Tuesday, June 29, 2010

Tutorial: Ring Sling - Threading, hip carry, & nursing

In this video, Ellen demonstrates threading a ring sling and then doing a hip carry with a baby.  Ann Marie also  demonstrates nursing in a ring sling.  One thing Ellen never specifically mentions, but DOES during the video is that when adjusting the sling with a baby in it she lifts the baby's weight off of the sling before tightening.  This keeps the fabric from twisting in the rings.  Another tip to remember is that when you finish, baby's bottom should be lower than his/her knees and his/her bottom should be about level or slightly above your belly button. 

Finally, in the nursing portion, covering for modesty with the tail is mentioned.  I STRONGLY recommend not covering baby's head with the tail, only cover your body.  As you can see, even without using the tail, there is nothing showing when I'm nursing in the sling.  You would be amazed at how often someone comes and sticks their whole head in to see the baby without realizing I'm nursing, and I never cover her head.  Covering the baby's head makes it impossible for you to see if she is having breathing distress.  The few moments between you "checking on" the baby under cover might mean the difference between a baby having a moment of distress and a baby smothering accidentally.  I would never cover my baby's face out of a sling, I think the same should apply when baby is in the sling.  Like all nursery products, it is important to monitor your baby at all times.  Another note on nursing, most moms find a nursing top or a V-Neck t-shirt is easier to nurse in when using a carrier.  I have to fish the whole top up through the carrier which isn't as convenient. 

Thursday, June 24, 2010

Washing and Wearing

One of the most common problems for new parents is how to keep up with housework when you have a sweet little bundle who wants to be no where more than in mom or dad's arms.  No one wants to leave baby crying while they do chores, but sometimes those chores just must be done.  Lots of household chores can be done while wearing a baby.  And choosing cleansers like vinegar can make things even safer for your little one.

Dishes are a task that can easily be done with baby in a back carry, if using a front carry, be careful of splashing hot water or soap onto baby.  And dads, this right here is enough to make a mom swoon... dishes getting done and baby getting a nap and mom isn't involved.  It's mom porn.

Other cleaning tasks like dusting or window washing can also be done while wearing.  Just be careful that chemicals don't get in baby's eyes, nose, or mouth.  Using safer products like baking soda or lemon can be a good choice, or you can make the kids do the cleaning.  Hey, they wanted to and thought it was a fun game! But really, the kids are demonstrating with doll wearing that they can clean with a little one in a hip or back carry.  Keep in mind while dusting the fine breakables that little hands are grabby... you don't want your little one getting a hold of a family heirloom.  Vacuuming can also be a great way to get a fussy baby to sleep.

So, there is no need to let all of the cleaning tasks get out of control just because you added a new member to the family.

Tuesday, June 15, 2010

Traditional Babywearing and the Babywearing Museum

This post is going to be mostly pictures.  Jen Wadleigh and Lindsay Ross of Babes in Arms taught about the various traditional carriers and demonstrated using them when appropriate.  The library also had displays of traditional carriers as well as a display of the evolution of modern carriers.  There were several pieces that were part of the collection of the Miao Baby Carrier collection.  Most of the others were loaned by Jen Wadleigh or Corrine Mahar-Sylvestre.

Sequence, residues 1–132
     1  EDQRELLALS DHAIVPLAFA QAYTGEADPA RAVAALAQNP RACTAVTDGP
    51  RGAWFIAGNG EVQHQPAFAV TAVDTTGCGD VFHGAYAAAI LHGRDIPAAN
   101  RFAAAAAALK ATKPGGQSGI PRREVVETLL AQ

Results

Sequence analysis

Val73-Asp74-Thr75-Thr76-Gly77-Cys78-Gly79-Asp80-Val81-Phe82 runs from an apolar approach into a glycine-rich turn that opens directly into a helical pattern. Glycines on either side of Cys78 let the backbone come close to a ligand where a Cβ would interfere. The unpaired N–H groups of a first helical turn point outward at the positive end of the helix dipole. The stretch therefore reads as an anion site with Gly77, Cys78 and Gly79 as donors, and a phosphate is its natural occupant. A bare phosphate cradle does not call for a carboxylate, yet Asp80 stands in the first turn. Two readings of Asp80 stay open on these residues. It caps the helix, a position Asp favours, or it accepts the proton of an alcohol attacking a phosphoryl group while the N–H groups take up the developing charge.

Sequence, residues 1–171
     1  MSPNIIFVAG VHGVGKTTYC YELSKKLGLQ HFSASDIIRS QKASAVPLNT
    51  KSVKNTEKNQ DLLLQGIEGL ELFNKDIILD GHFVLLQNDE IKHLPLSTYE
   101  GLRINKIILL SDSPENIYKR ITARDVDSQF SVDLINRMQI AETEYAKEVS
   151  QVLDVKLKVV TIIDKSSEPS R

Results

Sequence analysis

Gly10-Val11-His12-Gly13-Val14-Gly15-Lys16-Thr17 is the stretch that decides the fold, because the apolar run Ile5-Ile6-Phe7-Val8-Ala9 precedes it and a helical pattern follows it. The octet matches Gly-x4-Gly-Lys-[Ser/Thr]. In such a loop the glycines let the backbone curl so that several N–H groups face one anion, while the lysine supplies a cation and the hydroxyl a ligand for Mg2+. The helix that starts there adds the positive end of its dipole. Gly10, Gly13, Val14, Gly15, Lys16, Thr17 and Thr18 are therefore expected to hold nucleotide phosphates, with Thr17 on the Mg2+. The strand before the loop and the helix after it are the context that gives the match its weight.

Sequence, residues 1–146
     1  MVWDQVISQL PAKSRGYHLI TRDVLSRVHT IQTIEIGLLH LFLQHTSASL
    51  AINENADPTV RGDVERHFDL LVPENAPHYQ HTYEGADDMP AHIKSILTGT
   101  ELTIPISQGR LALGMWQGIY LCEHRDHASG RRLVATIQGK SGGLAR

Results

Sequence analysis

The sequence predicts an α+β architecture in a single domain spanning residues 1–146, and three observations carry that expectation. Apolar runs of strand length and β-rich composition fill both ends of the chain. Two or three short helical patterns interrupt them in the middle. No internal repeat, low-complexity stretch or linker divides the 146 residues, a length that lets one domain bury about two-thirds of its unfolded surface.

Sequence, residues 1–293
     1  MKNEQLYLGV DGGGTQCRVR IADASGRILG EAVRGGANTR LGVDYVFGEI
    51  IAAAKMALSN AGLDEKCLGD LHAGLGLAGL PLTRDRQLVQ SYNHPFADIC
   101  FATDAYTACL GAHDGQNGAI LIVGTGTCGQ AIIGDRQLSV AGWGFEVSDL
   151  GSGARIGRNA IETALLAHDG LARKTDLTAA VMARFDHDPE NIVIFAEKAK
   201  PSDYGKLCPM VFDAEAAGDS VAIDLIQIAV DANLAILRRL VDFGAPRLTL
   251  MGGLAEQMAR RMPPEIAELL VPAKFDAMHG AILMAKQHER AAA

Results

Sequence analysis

Native American cradle boards and a carrying "net" from New Guinea.

The Miao Carriers:

Modern takes on traditional carriers:

A display of vintage modern carriers including the original Snugli, the HipSeat, etc:
The most remarkable thing about this is that we learned that all peoples have found a need to carry their young, and most have used a similar method to how they carry other items.  As a modern North American society, we lean towards things that resemble backpacks or bags.  Sadly, the bag-sling has been proven to be a dangerous design, but hopefully the backpack concept will prevail, and we can borrow from the traditions of other cultures to carry our young in safe, comfortable ways.

Monday, June 14, 2010

IBC 2010: Part 2

Day 3
I started the morning going for a walk with the other babywearing moms. This is Susie Spence (the founding president of Babywearing International) and I outside the Rigby Museum.

After the walk I went to my first class of the morning.  Babywearing Safety with Beate Fromme of the Babywearing Institute.  She discussed the German school ideas of spinal development and wearing as well as some of the other issues to be aware of when wearing a baby.  These include the obstructed airway concerns as well as simpler problems such as bumping baby on doorways, etc.  The German schools push the spread squat position from birth.  They feel that the spine best develops when it is in a J position, straight neck and then curved lower back.  They don't recommend the cradle carry or forward facing carries at all.  This class was an interesting perspective on safety issues in babywearing.  Beate has several children and my favorite moment was seeing her older daughter (I'd say she was about 10) wrap her little brother on her back without any help.

My second class of the day was Asian Baby Carriers and Soft Structured Carriers taught by Kelley Mason of Kozy and Melissa Radcliffe of TogetherBe.  They demonstrated some of the benefits of these types of carriers.  Then Kelley impressed us all with some tandem wearing.  She showed a handy trick of threading the straps of the back carried child through the straps of the front carried child.  I thought that was rather ingenious.  I wish you could see the Kozy on her back... it says "Nobody Pushes Me Around"  because of course the child isn't being pushed in a stroller. I loved that one.

Then came lunch at Me N' Stans.  The folks there were completely confused by the invasion of hippies, but they seemed to take it with grace.  The food was pretty good, although we had to recall the first rule of small towns which is that meals are anything but fast food.

After lunch I went to the Traditional Babywearing class.  Since it was in the museum and the museum and the class deserve a post of their own, I'm going to stop for now.